Public Masses suspended, schools closed due to COVID-19 pandemic, but ‘we remain united in Christ’
By ROB HERBST
The Catholic Week
MOBILE — While public Masses were suspended and schools were closed in the Archdiocese of Mobile and countless ministries impacted, Archbishop Thomas J. Rodi asked all to pray during the COVID-19 pandemic.
“Prayer is powerful and I request that we pray even more fervently during these challenging days,” Archbishop Rodi said.
The Archdiocese of Mobile closed its schools at 3 p.m. March 16 and they are closed until at least April 3. About 24 hours later on March 17, Archbishop Rodi announced that public Masses were suspended beginning March 18 through at least April 5, Palm Sunday.
Other steps were announced to protect faithful, but it’s generally believed to be the first time that public Masses have needed to be suspended since the Spanish flu pandemic in 1918.
“Although we will not gather for worship, we remain united in Christ,” Archbishop Rodi said.
Churches have not been closed and Archbishop Rodi requested they remain open for private prayer. Confessions have also continued, but with specific guidelines to protect the safety of priest and penitent.
The Archdiocese of Mobile, which comprises of about 85,000 Catholics in the southern half of Alabama, was far from alone in suspending public Masses and ministries. The other dioceses of the Province of Mobile – the Dioceses of Birmingham, Biloxi, Miss., and Jackson, Miss., also suspended public Masses.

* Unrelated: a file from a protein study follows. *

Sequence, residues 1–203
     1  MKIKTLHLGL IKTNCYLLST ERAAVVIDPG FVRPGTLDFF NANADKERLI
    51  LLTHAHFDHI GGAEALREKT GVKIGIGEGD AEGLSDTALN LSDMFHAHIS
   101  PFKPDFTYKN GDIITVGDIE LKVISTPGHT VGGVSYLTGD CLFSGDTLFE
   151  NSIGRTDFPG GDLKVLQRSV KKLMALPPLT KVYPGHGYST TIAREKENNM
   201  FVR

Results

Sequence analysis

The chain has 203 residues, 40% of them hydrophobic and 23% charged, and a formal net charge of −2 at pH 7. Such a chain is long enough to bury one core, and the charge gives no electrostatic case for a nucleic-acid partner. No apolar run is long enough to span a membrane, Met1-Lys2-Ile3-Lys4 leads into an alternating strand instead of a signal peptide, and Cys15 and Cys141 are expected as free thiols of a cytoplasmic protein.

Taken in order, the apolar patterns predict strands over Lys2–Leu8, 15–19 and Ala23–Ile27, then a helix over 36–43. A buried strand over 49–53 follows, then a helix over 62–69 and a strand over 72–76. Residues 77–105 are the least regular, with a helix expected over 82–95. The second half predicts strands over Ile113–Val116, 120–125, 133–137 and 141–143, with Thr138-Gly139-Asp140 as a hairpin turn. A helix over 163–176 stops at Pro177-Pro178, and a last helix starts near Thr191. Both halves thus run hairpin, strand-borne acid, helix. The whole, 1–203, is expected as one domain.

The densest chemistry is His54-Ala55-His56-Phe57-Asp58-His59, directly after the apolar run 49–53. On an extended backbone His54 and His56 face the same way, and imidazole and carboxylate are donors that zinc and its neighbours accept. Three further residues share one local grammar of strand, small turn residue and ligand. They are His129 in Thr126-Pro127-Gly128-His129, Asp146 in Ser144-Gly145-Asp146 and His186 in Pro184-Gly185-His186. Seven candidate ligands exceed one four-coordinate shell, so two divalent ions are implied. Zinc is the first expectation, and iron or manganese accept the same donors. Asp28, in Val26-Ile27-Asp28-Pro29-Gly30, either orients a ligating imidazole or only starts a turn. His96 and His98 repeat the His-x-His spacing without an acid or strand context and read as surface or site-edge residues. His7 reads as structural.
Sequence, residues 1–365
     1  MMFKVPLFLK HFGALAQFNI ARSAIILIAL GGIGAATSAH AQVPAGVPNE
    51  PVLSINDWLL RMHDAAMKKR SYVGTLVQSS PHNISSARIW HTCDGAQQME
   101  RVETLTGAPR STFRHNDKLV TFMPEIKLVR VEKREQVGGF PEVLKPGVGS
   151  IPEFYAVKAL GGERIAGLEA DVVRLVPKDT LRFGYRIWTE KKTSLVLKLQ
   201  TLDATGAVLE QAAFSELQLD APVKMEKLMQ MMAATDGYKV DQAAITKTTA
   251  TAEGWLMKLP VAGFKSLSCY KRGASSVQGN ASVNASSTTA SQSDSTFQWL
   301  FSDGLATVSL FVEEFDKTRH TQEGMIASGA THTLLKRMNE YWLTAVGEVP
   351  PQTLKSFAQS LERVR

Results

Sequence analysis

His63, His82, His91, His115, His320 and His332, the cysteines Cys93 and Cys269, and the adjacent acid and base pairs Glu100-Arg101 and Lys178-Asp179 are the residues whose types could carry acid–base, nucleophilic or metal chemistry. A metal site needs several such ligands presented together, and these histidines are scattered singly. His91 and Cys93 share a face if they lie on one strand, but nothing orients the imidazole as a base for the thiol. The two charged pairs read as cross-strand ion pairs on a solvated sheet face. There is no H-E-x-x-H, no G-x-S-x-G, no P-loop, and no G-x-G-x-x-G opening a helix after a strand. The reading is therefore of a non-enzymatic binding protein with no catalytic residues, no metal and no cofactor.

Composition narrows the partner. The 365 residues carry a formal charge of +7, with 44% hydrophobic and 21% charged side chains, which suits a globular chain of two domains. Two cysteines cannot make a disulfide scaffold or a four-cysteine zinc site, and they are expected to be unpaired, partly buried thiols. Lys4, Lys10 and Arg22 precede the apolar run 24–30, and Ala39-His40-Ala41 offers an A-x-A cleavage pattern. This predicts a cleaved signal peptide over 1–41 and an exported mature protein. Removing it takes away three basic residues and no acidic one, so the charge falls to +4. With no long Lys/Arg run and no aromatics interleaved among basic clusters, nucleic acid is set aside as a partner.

Most dioceses across the U.S. and many across the world have suspended public Masses.
As of March 24, Alabama reported 217 confirmed cases of COVID-19.
“We’re praying that we be spared the ravages of this pandemic that has affected other people in other places so much greater than we have experienced so far,” Archbishop Rodi said on March 17. “(We should) pray, (we should) be concerned about neighbor. Use common sense and follow the advice from civil authorities.”
As of press time, public Masses have not been suspended for Easter, April 12.
“We’re monitoring events and the advice we get from our civil authorities,” Archbishop Rodi said. “Things are changing so quickly.”
In order to try and provide the public a Mass, many priests went online.
Archbishop Rodi has been broadcasting a Mass at 8 a.m. daily on the Archdiocese of Mobile’s website, mobarch.org.
Others have used similar means, including live-streaming on social media channels such as Facebook.
Catholic schools have also used online resources to continue teaching students. Archdiocese of Mobile Catholic Schools began implementing “distance learning.”
While each school implement its own plan, distance learning encompasses various forms of technology to coordinate teacher-student connection.
It’s not ideal and Archdiocese of Mobile Superintendent Gwen Byrd and Archbishop Rodi acknowledged the “challenging times” in a joint statement.
“We ask that everyone support our schools, principals, faculties, students and their families during these trying times,” the March 13 statement said. “Working with our community and each other, through prayer and sacrifice we know that we will soon return to a stable and healthy school environment. Let us pray for the recovery and health of all those who have been or who will be diagnosed with (COVID-19).”